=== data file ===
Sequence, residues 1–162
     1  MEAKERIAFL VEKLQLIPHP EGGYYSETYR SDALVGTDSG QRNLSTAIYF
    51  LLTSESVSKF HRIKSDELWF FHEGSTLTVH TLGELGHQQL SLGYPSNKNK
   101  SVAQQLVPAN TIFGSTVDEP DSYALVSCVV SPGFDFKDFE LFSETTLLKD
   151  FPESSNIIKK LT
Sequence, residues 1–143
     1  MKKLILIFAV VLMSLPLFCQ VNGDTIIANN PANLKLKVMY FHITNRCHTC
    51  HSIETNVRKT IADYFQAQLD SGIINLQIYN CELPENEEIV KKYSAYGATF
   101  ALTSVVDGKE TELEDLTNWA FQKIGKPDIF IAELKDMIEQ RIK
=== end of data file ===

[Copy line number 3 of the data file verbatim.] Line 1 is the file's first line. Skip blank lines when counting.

    51  LLTSESVSKF HRIKSDELWF FHEGSTLTVH TLGELGHQQL SLGYPSNKNK